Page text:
Analysing metabolomes from various natural sources is a task that requires methods providing high chromatographic resolution for detailed metabolite profiling or high throughput for rapid fingerprinting for metabolomics [1,2]. Furthermore these methods should give on-line spectroscopic information for the identification of each individual metabolite for dereplication purposes. In this respect the introduction of UHPLC has allowed a remarkable decrease in analysis time and increase in peak capacity, sensitivity and reproducibility compared to conventional HPLC. In complement to this powerful chromatographic method, the introduction of benchtop high resolution MS instruments that provide sensitive detection and accurate MS and MS/MS information for dereplication has been key for metabolomics. Recently the development of neural network mining methods for metabolite identification have revolutionized conventional MS/MS database search for establishing link between metabolites having similar fragmentation pattern that greatly help metabolite annotation. For unambiguous de-novo identification, LC-MS targeted isolation together with at-line microNMR approaches provide low microgram level of metabolites sufficient for acquiring a full set of 1D and 2D NMR spectra. Such information complements well the search in MS and chemotaxonomic data bases for dereplication. In addition to these methods, HPLC activity-based profiling provides information on the bioactivity of metabolites of interest, directly at the analytical scale, speeding up the drug discovery process in natural product research. The impact of these technologies in NP research studies and future trends will be discussed. This will be illustrated by examples or our latest metabolomics and bioactivity-guided isolation studies on plants and microorganisms.
Wolfender JL, Rudaz S, Choi YH, Kim HK. Plant metabolomics: from holistic data to relevant biomarkers. Curr. Med. Chem. 2013 20: 1056-90.
Wolfender J-L, Marti G, Thomas A, Bertrand S. Current approaches and challenges for the metabolite profiling of complex natural extracts. J Chromatogr A 2015 1382: 136-164.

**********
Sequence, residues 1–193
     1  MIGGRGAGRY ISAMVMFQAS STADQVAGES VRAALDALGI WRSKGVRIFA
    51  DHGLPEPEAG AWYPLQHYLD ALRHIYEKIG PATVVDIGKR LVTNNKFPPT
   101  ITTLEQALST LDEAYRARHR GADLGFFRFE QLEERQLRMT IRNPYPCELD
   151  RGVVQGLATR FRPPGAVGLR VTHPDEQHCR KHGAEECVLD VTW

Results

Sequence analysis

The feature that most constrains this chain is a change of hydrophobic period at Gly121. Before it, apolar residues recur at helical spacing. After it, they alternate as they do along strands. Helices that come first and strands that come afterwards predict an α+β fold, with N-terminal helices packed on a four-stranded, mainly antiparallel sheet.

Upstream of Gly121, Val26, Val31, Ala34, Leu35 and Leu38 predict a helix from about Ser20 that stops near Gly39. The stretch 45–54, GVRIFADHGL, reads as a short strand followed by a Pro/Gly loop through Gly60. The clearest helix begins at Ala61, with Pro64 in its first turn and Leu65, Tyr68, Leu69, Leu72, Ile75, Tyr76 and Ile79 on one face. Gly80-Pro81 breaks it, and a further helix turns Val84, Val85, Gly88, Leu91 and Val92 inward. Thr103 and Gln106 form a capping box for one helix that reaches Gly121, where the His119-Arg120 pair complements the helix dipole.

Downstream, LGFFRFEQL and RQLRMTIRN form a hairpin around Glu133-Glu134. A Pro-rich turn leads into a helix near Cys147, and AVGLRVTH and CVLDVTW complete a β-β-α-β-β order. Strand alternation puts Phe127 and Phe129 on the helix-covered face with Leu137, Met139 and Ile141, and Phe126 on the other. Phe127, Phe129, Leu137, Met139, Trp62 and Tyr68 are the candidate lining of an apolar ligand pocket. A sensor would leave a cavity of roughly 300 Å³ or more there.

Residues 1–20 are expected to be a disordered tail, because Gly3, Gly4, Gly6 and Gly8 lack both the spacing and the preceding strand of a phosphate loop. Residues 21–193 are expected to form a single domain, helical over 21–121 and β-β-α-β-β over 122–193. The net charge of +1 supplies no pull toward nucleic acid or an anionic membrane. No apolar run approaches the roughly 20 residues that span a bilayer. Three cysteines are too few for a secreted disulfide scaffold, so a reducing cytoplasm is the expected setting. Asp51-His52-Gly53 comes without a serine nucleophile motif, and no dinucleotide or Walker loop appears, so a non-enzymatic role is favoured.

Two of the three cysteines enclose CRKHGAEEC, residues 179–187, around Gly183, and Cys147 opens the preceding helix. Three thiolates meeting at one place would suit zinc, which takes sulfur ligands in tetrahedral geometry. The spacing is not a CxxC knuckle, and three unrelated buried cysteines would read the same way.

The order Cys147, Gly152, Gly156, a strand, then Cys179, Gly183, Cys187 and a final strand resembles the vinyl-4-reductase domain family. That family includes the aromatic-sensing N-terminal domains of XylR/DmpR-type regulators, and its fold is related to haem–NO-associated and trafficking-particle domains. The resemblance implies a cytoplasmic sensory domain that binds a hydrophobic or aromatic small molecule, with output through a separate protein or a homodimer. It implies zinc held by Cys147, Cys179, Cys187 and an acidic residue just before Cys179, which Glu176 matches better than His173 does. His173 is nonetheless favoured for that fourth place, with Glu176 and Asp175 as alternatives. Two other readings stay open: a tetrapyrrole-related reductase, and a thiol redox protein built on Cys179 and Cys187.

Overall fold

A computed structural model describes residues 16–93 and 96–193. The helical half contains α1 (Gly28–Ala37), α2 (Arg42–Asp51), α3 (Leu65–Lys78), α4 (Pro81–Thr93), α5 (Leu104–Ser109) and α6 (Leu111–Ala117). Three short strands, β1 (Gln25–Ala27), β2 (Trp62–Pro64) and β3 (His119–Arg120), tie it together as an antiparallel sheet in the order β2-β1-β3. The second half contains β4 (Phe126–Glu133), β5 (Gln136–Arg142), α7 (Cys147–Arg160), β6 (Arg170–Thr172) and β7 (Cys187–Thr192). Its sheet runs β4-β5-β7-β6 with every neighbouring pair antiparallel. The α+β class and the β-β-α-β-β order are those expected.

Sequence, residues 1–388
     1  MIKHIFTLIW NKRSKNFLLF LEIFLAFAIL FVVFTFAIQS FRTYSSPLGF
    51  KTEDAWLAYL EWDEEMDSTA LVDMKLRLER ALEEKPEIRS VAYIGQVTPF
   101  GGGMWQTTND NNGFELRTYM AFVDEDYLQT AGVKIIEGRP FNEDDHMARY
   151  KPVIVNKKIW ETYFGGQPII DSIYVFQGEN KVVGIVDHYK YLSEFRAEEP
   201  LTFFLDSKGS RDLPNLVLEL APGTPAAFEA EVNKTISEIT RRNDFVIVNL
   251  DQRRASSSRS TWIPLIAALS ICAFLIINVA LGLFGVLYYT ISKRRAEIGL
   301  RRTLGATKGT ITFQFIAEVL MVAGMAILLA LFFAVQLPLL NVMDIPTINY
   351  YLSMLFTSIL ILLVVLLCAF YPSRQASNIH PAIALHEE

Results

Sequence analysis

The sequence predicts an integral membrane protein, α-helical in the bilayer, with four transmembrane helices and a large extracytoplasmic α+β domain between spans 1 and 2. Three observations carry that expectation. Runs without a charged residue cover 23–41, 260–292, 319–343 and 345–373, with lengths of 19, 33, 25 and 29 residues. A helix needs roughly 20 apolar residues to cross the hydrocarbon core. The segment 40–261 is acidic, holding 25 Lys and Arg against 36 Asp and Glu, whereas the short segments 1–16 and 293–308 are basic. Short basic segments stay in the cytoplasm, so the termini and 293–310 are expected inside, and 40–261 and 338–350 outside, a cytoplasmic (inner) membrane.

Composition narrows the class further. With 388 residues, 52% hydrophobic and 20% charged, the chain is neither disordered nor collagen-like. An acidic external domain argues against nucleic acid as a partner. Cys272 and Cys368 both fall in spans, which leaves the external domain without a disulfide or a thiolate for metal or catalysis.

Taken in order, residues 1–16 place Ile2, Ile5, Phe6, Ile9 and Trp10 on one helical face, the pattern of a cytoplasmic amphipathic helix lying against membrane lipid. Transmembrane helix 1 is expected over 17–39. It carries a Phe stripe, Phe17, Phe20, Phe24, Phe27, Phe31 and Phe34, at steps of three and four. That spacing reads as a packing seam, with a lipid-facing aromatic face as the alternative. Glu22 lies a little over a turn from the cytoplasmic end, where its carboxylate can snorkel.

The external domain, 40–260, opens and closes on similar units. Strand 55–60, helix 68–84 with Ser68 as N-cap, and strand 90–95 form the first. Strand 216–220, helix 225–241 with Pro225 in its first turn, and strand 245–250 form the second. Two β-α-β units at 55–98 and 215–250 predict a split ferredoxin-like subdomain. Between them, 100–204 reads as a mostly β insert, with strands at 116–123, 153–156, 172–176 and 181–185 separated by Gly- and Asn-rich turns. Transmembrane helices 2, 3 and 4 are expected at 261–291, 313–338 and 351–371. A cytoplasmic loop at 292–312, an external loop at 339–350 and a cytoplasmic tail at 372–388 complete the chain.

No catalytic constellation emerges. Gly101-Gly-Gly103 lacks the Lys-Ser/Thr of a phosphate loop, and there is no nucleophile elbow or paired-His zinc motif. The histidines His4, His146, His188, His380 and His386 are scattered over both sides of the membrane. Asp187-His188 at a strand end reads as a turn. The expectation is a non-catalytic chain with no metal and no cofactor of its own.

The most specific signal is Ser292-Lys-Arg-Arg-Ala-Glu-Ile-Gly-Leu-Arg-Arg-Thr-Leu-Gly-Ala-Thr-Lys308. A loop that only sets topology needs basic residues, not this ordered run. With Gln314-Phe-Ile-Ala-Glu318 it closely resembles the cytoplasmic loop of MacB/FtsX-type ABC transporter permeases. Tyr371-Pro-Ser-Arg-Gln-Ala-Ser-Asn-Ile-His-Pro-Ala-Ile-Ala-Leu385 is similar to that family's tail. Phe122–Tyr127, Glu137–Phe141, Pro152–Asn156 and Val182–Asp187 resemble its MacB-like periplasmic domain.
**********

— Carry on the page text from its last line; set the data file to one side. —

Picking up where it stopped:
Danilo Corradini,1 Isabella Nicoletti,1 Imre Molnár2
1 National Research Council, Institute of Chemical Methodologies, Area della Ricerca di Roma 1, 00015 Monterotondo, Rome, Italy
Plant secondary metabolites are organic compounds produced by plants, which are not involved in the growth, photosynthesis, reproduction and other primary functions of the plants but are believed to have a role in defence mechanisms, such as protection against herbivores, pests and pathogens. Phenolic compounds are one of the main classes of secondary metabolites and because are widely distributed in the plant kingdom form an integral part of human diet. In addition to confer specific sensorial characteristics to plant-derived foods and/or beneficial effects on human health, phenolic compounds are also biomolecules with pharmacological activity employed in phytotherapeutic medicine. The identification and quantification of these target compounds in plants tissues and agro-food matrices is a challenging task, continuously requesting the development of more robust, efficient and sensitive instrumental analytical techniques. This communication discusses fundamental and practical aspects of both reversed phase high performance liquid chromatography (RP-HPLC) and capillary zone electrophoresis (CZE) tailored for the analysis of plant secondary metabolites. The communication reports the results of our recent studies carried out to evaluate the influence of various operational parameters and experimental conditions employed in CZE and in RP-HPLC on the separation performance of phenolic compounds and other secondary metabolites in plant tissues and agro-food matrices. Because both RP-HPLC and CZE require the use of a liquid phase, whose composition plays a fundamental role on the separation mechanisms and performance, most of our investigations has been focused on the selection of the proper composition of the liquid phase, which, in the case of RP-HPLC, has been optimized by a quality by design approach.
Metabolomics and Lipidomics, involve targeted and untargeted analysis of various endogenous biomolecules, in complex samples estimated 5000-20,000 metabolites in a single plant. Thus multiple modes of analysis are needed to enable identification as well as quantitation to get a better understanding of these thousands Metabolites.
NMR, GC/MS, UHPLC/MS, USFC/MS are currently used for metabolome analysis, lately advancements in Ion Mobility separation, (a gas-phase separation tool) namely Traveling-Wave Ion Mobility (TWIM) combined with high-sensitivity mass spectrometry QTOF-MS, have been used to set the stage for a myriad of metabolomics studies, in plants and other organisms.
Here we describe the use of UHPLC - TWIM- QTOF-MS, to generated, Retention Times, Drift times, and accurate Mass. For the polar and semi polar metabolites. In addition, we used Super Critical Fluid Chromatography USFC-TWIM-QTOF-MS for the non-polar and semi polar metabolites analysis.